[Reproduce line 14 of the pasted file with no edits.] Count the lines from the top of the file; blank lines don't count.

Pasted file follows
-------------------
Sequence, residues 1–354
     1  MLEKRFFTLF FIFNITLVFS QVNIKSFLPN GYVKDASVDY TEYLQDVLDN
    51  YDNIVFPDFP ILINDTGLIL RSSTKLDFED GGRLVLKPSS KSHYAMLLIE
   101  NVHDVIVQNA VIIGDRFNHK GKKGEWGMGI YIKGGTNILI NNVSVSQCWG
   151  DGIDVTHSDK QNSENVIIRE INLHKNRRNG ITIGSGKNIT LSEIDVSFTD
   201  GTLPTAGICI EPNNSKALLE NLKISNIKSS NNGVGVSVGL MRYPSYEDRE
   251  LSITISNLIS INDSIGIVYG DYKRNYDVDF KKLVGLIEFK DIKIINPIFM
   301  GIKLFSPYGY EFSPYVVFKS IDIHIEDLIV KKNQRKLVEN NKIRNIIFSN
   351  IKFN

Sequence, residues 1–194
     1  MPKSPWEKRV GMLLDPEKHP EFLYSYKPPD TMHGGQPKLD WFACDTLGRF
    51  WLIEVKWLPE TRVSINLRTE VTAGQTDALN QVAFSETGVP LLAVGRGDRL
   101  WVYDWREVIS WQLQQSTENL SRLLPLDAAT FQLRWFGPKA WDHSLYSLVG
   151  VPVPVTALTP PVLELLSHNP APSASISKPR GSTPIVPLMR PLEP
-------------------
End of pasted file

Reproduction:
   151  VPVPVTALTP PVLELLSHNP APSASISKPR GSTPIVPLMR PLEP